Monmouth’s Rebellion

The capture of the Duke of Monmouth in a ditch at Horton, on the southern edge of the Cranborne Chase near Wimborne, was one of those moments in British history that though not an obvious turning-point, were crucial nonetheless.

Even though the rebellion by Monmouth, whose group included Daniel Defoe, author of Robinson Crusoe, had been quickly put to the sword following a rout at the Battle of Sedgemoor, if Monmouth had managed to get to Poole and escape to Holland, who knows what trouble he could have stirred for his uncle, James II. As it was, just over one month from landing at Lyme Regis with three ships from Holland in early June 1685, Monmouth was beheaded at Tower Hill.

Born in Rotterdam to Lucy Walter and her lover, Charles II (who was living in continental exile following his father’s execution), Monmouth spent his early life in Schiedam; he always claimed his parents were married, and that he possessed their marriage lines but he never produced them.

After landing Monmouth published a “Declaration for the defence and vindication of the protestant religion and of the laws, rights and privileges of England from the invasion made upon them, and for delivering the Kingdom from the usurpation and tyranny of us by the name of James Duke of York”: King James II responded by issuing an order for the publishers and distributors of the paper to be arrested, while Monmouth declared himself King at various places along the way including Axminster, Chard, and Taunton.

After Monmouth fled following defeat at Sedgemoor, where James’s forces were led by John Churchill, later 1st Duke of Marlborough and son of Winston Churchill, squire of Minterne Magna near Sherborne, rewards were posted.

At Horton Heath Monmouth, disguised as a shepherd, was spotted by an old lady, Amy Farrant, while climbing a hedge with his last companion, a German officer named Buyse, who was soon captured; a few hours later a militiaman Henry Parkin, while searching beneath an ash tree, discovered another exhausted figure and a search of his pockets disclosed the badge of the Knight of the Garter, golden guineas and recipes for cosmetics, revealing that this was no ordinary shepherd.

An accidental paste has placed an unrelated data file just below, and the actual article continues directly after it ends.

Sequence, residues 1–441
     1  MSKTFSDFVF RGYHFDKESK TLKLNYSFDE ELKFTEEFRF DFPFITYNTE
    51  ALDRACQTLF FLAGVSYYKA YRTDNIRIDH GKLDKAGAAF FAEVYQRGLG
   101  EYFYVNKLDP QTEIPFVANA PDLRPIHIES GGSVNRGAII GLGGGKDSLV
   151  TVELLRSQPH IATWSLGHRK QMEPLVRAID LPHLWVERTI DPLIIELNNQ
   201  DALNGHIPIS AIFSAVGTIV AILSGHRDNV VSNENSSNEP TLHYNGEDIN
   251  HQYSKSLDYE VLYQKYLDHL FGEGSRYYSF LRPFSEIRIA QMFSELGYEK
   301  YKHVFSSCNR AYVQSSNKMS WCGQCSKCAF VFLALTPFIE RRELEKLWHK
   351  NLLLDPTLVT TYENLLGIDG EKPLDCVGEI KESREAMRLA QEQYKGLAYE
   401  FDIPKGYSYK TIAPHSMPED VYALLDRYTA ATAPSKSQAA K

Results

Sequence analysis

Many of Monmouth’s supporters were later tried at the ‘Bloody Assizes’, headed by Judge Jeffreys, that started at Winchester on 25 August 1685, after which the court proceeded to Salisbury, Dorchester, Taunton, and finally Wells.

More than 1,400 prisoners were dealt with; most were sentenced to death, with some 300 either being hanged or hung, drawn and quartered. Elisabeth Gaunt had the distinction of being the last woman burnt alive in England for political crimes while Dame Alice Lyle, who lived outside Ringwood, had her sentence commuted from burning to beheading.

One of the prisoners was Monmouth’s surgeon Henry Pitman, who later wrote a short book about his desperate escape from a Caribbean penal colony that included a spell as a castaway, and gets the nod from author, Tim Severin, in Seeking Robinson Crusoe (2002), as the real-life Robinson Crusoe-figure; there has even been a suggestion that Defoe got the name ‘Robinson Crusoe’ from a gravestone while fleeing through Horton churchyard.

Today though Monmouth’s sheltering ash-tree is long-gone the approximate location is on ‘Monmouth’s Ash Farm’ which can be accessed by Public Footpath; also there are two pubs in the New Forest named ‘The Alice Lyle’ and ‘Monmouth’s Ash’.